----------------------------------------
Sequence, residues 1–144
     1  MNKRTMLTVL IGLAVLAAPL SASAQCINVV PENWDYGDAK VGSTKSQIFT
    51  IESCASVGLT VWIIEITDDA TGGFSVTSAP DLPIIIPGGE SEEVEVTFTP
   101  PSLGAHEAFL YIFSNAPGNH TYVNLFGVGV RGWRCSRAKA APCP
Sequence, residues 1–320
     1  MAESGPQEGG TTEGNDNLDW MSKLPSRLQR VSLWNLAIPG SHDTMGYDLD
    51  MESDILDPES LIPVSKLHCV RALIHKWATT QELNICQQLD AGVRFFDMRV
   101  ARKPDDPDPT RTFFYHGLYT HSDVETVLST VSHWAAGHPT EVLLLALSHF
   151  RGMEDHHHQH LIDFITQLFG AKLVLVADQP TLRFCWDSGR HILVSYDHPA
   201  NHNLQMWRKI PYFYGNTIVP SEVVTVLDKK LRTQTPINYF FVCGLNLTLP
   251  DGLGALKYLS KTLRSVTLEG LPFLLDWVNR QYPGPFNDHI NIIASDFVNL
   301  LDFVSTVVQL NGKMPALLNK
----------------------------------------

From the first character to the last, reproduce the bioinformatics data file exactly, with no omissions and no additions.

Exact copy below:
Sequence, residues 1–144
     1  MNKRTMLTVL IGLAVLAAPL SASAQCINVV PENWDYGDAK VGSTKSQIFT
    51  IESCASVGLT VWIIEITDDA TGGFSVTSAP DLPIIIPGGE SEEVEVTFTP
   101  PSLGAHEAFL YIFSNAPGNH TYVNLFGVGV RGWRCSRAKA APCP
Sequence, residues 1–320
     1  MAESGPQEGG TTEGNDNLDW MSKLPSRLQR VSLWNLAIPG SHDTMGYDLD
    51  MESDILDPES LIPVSKLHCV RALIHKWATT QELNICQQLD AGVRFFDMRV
   101  ARKPDDPDPT RTFFYHGLYT HSDVETVLST VSHWAAGHPT EVLLLALSHF
   151  RGMEDHHHQH LIDFITQLFG AKLVLVADQP TLRFCWDSGR HILVSYDHPA
   201  NHNLQMWRKI PYFYGNTIVP SEVVTVLDKK LRTQTPINYF FVCGLNLTLP
   251  DGLGALKYLS KTLRSVTLEG LPFLLDWVNR QYPGPFNDHI NIIASDFVNL
   301  LDFVSTVVQL NGKMPALLNK